The romance of the sea is a strange thing. It manages to cling to some extent to every thing that floats. – C. Fox Smith

On a rainy spring night, I received a package from Good Old Boat. I figured it was the book I had promised to review. Opening the package, I saw on the book cover an illustration of a three-masted sailing ship, making her ways in a heavy sea. I smiled, ready to spend time on a ship, with salty characters, and an intricate plot . . . the perfect way to spend a rainy night.

Instead, I was greeted with chapter after chapter of boating and marine-related trivia, facts, quotes, poems, and chronologies. Where was my engaging novel? Surprised and intrigued, I sat down and read the first few chapters. Here, I realized, was the answer to all those questions you have as you learn about sailing. Questions like: Where in the world did the term “starboard” come from? Or, if a wind is blowing from the north toward the south, do you call it a north wind or a south wind?

A Mariner’s Miscellany is a compilation of all things nautical. Do you want to know the how and the why of signal salutes during the age of sail or what L. Francis Herreshoff thought were the four most important qualifications needed to undertake long-distance voyaging? Do you know the difference between natural fiber and modern synthetic rope? This book will tell you. You can even find a recipe for making grog. These and thousands of other facts — practical, informative, or just interesting — can be found in this book.

Author Peter Spectre is well-qualified to undertake such a massive undertaking. He’s editor of Maine Boats & Harbors magazine and former editor of WoodenBoat magazine. The Mariner’s Book of Days, A Passage in Time, A Goodly Ship, and several other marine-related books are among his literary credits.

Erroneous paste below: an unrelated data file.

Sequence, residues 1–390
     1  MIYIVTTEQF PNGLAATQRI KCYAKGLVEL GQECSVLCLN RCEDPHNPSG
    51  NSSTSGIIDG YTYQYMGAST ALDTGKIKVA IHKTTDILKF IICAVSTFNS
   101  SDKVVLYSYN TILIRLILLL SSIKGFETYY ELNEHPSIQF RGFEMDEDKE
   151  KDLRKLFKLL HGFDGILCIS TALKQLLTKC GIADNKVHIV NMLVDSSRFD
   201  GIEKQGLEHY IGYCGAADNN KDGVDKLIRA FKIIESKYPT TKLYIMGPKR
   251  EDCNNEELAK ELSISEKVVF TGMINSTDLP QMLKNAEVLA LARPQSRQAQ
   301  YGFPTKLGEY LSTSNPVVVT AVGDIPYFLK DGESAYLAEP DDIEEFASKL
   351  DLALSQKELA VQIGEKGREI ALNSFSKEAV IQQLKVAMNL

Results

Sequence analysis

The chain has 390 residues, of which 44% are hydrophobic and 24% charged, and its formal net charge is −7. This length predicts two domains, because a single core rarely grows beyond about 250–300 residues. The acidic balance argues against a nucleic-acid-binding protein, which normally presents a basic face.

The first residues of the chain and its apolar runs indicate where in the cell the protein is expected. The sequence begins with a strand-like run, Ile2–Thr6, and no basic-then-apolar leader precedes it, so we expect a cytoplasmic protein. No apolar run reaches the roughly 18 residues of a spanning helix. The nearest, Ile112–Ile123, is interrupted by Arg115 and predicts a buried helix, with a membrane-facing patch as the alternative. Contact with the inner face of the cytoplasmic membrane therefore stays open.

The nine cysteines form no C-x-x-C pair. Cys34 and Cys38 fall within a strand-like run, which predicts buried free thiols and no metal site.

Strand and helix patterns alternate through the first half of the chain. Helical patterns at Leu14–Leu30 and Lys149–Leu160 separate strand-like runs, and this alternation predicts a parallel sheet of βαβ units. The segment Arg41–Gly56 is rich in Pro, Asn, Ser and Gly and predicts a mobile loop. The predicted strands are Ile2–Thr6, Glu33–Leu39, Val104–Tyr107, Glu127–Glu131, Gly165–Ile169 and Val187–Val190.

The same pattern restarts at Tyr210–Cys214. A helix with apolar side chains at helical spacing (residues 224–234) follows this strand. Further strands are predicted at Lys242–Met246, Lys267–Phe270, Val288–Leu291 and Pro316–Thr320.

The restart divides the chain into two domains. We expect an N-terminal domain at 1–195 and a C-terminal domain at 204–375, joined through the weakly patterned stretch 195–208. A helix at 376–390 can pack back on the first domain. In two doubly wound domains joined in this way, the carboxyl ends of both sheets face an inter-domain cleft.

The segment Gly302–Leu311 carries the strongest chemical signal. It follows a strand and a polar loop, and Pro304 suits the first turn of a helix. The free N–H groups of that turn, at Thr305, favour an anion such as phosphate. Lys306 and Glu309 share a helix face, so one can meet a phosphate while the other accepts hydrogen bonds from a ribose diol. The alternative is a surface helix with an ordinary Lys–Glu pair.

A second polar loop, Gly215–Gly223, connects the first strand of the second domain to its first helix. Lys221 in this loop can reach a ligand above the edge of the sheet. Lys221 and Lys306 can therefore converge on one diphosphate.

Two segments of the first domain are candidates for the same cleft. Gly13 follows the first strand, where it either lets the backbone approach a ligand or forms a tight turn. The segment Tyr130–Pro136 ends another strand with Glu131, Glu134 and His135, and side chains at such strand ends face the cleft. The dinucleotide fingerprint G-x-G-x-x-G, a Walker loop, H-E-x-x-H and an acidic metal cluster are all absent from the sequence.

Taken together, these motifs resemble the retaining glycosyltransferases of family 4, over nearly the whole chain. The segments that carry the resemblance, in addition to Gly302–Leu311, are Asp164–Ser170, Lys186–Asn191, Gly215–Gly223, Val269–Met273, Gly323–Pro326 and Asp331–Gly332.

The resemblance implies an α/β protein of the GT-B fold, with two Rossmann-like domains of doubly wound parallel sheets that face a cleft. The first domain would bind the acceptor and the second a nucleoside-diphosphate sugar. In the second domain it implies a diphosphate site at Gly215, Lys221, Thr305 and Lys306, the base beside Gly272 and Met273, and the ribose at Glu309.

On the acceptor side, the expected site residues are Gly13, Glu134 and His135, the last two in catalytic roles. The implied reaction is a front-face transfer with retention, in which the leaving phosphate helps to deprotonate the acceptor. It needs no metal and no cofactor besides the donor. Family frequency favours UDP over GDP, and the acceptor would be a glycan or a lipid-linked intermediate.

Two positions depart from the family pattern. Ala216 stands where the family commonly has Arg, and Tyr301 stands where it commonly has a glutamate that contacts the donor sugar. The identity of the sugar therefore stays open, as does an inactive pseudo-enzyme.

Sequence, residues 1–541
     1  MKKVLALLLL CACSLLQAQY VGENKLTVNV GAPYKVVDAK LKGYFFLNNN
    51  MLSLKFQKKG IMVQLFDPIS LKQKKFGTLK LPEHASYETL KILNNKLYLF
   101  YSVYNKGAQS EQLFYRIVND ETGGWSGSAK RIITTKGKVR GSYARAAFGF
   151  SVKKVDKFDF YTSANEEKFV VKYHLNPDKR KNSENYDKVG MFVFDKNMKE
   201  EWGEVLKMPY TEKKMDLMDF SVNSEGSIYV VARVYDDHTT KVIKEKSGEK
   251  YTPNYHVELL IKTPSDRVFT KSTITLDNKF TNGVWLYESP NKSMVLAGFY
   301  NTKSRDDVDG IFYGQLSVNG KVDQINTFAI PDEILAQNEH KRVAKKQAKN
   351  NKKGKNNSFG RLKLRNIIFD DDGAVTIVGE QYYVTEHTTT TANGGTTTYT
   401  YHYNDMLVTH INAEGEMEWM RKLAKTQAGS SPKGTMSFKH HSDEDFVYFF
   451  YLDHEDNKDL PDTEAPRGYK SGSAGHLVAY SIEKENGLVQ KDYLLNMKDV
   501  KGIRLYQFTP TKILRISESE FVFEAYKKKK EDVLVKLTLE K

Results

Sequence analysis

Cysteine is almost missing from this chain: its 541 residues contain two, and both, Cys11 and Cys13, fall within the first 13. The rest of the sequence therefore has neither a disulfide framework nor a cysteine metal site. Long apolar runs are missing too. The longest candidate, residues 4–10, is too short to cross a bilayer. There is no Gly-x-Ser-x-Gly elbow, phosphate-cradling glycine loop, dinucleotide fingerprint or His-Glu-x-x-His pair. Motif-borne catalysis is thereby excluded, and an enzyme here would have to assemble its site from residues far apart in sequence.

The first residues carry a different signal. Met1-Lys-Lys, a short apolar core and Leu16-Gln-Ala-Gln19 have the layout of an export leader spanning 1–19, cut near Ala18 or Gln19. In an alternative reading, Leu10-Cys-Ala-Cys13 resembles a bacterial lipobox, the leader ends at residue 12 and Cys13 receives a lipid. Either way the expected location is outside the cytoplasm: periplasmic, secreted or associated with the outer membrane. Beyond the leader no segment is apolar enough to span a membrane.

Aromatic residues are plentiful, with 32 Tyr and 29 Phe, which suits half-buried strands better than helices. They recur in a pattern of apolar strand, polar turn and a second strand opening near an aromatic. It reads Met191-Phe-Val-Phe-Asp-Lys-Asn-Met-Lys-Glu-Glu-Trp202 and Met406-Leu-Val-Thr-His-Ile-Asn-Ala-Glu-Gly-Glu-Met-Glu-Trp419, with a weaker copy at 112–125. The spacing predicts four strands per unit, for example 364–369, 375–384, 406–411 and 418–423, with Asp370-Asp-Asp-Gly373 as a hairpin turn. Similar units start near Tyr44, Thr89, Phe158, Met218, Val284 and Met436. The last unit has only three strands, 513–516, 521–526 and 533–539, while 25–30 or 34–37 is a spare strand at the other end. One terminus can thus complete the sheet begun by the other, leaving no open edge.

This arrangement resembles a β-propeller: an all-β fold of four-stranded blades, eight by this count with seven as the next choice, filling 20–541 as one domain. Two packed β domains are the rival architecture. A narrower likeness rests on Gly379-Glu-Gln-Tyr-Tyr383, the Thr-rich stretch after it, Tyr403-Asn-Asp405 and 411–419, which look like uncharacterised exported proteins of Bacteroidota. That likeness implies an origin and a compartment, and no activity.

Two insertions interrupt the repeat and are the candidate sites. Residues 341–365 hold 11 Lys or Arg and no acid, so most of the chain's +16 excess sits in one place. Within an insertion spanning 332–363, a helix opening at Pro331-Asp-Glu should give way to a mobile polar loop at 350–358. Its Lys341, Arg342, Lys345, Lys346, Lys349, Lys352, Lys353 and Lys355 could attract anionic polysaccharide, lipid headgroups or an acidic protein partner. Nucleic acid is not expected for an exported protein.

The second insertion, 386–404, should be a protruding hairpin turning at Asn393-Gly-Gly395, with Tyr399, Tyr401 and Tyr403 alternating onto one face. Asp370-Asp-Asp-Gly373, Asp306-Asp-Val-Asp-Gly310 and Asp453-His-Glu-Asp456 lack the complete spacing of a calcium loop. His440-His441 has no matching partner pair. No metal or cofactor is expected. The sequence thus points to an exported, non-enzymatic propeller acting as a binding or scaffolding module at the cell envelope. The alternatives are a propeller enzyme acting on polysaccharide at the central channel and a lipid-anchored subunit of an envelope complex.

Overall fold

This is not a book you sit down and read in one setting. Rather, it is a resource you consult when you want to find the why or where an expression came from or to find out what other sailors thought when they encountered a similar problem or situation. A Mariner’s Miscellany will also prove useful for writers; it is an excellent source of facts, quotes, and their historical origins

I have a tough time reading poems so the abundance of poetic passages caused tough sledding for me at times. The absence of a detailed index was another surprise. With an index I would be able to look up the subject being argued, cite the reference, and end those crazy arguments that sailors so often have when they get together. In the hands of those of us with sea lawyers as friends, this compendium of knowledge could be the lawyers’ undoing.

A Mariner’s Miscellany is a delightful and interesting book for those who value the intellectual side of boating. It deserves a spot on the dedicated mariner’s bookshelf.

A Mariner’s Miscellany by Peter H. Spectre (Sheridan House, Seafarer books, 2005; 289 pages)